Australia is not the only country with a health system under pressure from rising health care costs and increasing demand from a growing and ageing population. A spate of recent research and policy papers from Europe shows that this part of the world is debating many of the same issues that confront governments, policy makers and health service managers here. For those interested in how these issues are playing out overseas, the following provides links and some key extracts from recent research and relevant reports on the primary health care debate in Europe.
The EXPH (EXpert Panel on effective ways of investing in Health), is an independent expert panel set up by the European Commission. On July 10 2014 it released its Report on Definition of a frame of reference in relation to primary care with a special emphasis on financing systems and referral systems. In this report the EXPH argued strongly for a primary-care system that is “universally accessible, integrated, person-centred, comprehensive…and provided by a team of professionals accountable for addressing a large majority of personal health needs”. The following is a key passage from the Report:
The scientific evidence base that strong primary care contributes to improved health system performance has significantly increased over time….The most recent study (Kringos et al 2013a), performed across 31 European countries, looked at the ‘strength’ of primary care. Countries are commonly considered to have a strong primary care system when the key functions of primary care are well developed, and they are supported by essential conditions….. The study showed that at the present time, strong primary care is associated with better population health, lower rates of unnecessary hospitalizations and relatively lower socioeconomic inequality in self perceived health…. The study also showed that countries with a relatively strong primary care structure have higher total health care expenditures than countries with a relatively weak primary care system. However, countries with more comprehensive primary care had a slower growth in health care spending, compared with countries that provided less comprehensive services.
The EXPH was heavily influenced by the research referred to above (Kringos et al 2013a), which involved collecting and analysing comparative primary care data collected in 2009–10 as part of a European Union– funded project, the Primary Health Care Activity Monitor for Europe. The following paragraph summarises the main findings of this research:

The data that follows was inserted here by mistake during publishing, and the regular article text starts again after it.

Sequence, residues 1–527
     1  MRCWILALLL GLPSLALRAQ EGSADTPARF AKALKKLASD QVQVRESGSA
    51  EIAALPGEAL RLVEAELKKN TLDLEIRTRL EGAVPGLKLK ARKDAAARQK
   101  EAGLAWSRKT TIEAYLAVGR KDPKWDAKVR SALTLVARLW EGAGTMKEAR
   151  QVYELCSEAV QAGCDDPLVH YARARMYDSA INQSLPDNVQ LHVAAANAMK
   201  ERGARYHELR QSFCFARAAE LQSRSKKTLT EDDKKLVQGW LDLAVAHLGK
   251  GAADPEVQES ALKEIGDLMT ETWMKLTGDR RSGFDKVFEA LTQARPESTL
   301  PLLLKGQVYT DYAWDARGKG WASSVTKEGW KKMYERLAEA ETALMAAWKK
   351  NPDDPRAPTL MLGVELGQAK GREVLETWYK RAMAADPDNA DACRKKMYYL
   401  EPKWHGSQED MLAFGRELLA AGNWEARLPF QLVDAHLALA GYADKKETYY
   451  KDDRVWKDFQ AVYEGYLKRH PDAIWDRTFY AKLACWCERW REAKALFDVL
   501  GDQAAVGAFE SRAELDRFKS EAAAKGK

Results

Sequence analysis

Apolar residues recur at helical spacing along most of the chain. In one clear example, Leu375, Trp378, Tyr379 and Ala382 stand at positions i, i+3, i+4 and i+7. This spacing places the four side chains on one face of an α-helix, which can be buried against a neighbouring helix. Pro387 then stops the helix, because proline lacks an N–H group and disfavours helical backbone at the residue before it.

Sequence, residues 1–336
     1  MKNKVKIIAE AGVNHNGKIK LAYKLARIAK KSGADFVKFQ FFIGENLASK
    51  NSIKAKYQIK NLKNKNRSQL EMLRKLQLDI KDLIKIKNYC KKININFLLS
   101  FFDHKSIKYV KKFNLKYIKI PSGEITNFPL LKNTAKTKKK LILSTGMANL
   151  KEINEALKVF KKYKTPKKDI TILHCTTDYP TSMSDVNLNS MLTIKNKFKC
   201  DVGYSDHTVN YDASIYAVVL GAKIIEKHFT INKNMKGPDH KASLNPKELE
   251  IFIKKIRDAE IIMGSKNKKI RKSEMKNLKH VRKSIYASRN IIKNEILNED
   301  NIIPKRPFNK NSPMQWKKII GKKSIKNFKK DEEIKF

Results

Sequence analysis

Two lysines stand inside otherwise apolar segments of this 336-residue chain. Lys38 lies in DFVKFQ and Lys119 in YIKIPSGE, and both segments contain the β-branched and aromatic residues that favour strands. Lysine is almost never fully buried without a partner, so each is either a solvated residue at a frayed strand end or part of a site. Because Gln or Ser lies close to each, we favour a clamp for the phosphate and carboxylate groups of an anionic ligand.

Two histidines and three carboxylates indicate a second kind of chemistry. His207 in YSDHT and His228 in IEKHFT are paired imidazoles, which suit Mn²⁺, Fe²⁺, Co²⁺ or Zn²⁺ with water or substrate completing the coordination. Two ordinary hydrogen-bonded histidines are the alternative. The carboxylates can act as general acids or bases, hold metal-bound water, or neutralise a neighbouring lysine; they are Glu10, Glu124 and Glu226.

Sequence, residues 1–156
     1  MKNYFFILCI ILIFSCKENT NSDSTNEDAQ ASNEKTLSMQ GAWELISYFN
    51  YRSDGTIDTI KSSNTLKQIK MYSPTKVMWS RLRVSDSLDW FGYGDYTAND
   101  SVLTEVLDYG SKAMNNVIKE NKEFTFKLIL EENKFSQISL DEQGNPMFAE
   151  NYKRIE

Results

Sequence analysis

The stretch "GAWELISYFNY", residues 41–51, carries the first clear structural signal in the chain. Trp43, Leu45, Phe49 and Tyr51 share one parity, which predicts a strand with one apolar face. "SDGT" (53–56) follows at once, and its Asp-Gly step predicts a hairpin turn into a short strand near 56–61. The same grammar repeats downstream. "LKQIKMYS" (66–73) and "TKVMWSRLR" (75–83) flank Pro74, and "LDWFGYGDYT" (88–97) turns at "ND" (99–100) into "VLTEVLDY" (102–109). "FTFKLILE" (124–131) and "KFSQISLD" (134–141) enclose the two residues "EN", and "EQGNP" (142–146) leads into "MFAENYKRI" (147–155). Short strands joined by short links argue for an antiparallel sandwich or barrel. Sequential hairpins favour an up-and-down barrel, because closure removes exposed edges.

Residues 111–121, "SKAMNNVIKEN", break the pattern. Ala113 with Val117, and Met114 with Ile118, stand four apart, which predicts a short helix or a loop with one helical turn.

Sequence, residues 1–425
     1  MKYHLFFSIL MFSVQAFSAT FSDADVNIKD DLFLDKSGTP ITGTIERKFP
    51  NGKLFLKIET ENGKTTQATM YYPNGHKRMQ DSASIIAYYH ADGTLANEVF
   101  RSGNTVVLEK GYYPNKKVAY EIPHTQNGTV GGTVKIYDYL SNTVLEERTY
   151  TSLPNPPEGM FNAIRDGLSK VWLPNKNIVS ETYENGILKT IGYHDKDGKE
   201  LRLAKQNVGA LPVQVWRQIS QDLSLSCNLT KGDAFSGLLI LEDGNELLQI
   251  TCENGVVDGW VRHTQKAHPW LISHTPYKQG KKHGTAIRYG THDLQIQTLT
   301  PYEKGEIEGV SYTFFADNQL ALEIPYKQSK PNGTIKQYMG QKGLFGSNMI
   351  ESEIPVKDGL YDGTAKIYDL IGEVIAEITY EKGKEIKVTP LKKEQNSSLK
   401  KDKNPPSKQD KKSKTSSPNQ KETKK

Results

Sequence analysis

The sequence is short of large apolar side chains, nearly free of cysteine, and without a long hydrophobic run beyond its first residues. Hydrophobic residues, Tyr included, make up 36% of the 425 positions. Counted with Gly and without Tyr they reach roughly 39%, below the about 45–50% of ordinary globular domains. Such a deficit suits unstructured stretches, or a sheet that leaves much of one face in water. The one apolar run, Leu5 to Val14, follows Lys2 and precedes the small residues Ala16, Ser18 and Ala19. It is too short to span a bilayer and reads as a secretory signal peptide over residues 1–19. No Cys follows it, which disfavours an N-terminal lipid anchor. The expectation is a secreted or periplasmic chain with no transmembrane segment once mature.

Our analysis showed that strong primary care was associated with better population health; lower rates of unnecessary hospitalizations; and relatively lower socioeconomic inequality, as measured by an indicator linking education levels to self-rated health. Overall health expenditures were higher in countries with stronger primary care structures, perhaps because maintaining strong primary care structures is costly and promotes developments such as decentralization of services delivery.
Building on these research findings, an advocacy group for community pharmacy in the UK, Pharmacy Voice, has developed a policy paper on primary health care ‘We are Primary Care’, in conjunction with key primary health care stakeholders. The paper sets out an agenda for primary health care that involves breaking down current funding and professional silos between primary, hospital and aged care and between medical and non-medical disciplines. The paper has a strong focus on consumer-led care pathways and on the need to integrate population health and preventive health policies and programs with the provision of primary health care. The four key principles outlined in the document for the provision of primary health care are as follows:
If the NHS is to be sustainable as a high quality service that is free at the point of need, we need to think differently about how health and social care is funded and delivered. Four driving principles must come into play:
• self care;
• care outside hospital;
• professional collaboration around improved patient pathways;
• preventing illness by tackling public health issues such as smoking and obesity.
All require extended and reshaped models of primary care delivery and funding to support them.
Finally, in commenting on the state of the primary health care debate, a strongly worded editorial in The Lancet calls on primary health care leaders to drive major and systemic changes to place primary health care in the centre of the health system, as follows:
The boundaries between primary and secondary care need to be rethought. Specialists working in hospitals should provide advice, teaching, and specialised patient care within the primary-care setting, to the benefit of patients who will not have to wait for, and travel to, oversubscribed hospital outpatient appointments. For children and the elderly, it would be excellent if all primary care centres had paediatricians and geriatricians to deliver appropriate care. Hospital-based clinics should be reserved for those with rare and complex diseases that need special expertise and equipment for management and diagnosis…….. Primary care needs to be reshaped to truly function as the most important pillar for people-centred health and wellbeing in the 21st century. Primary care leadership needs to wake up and start a revolution.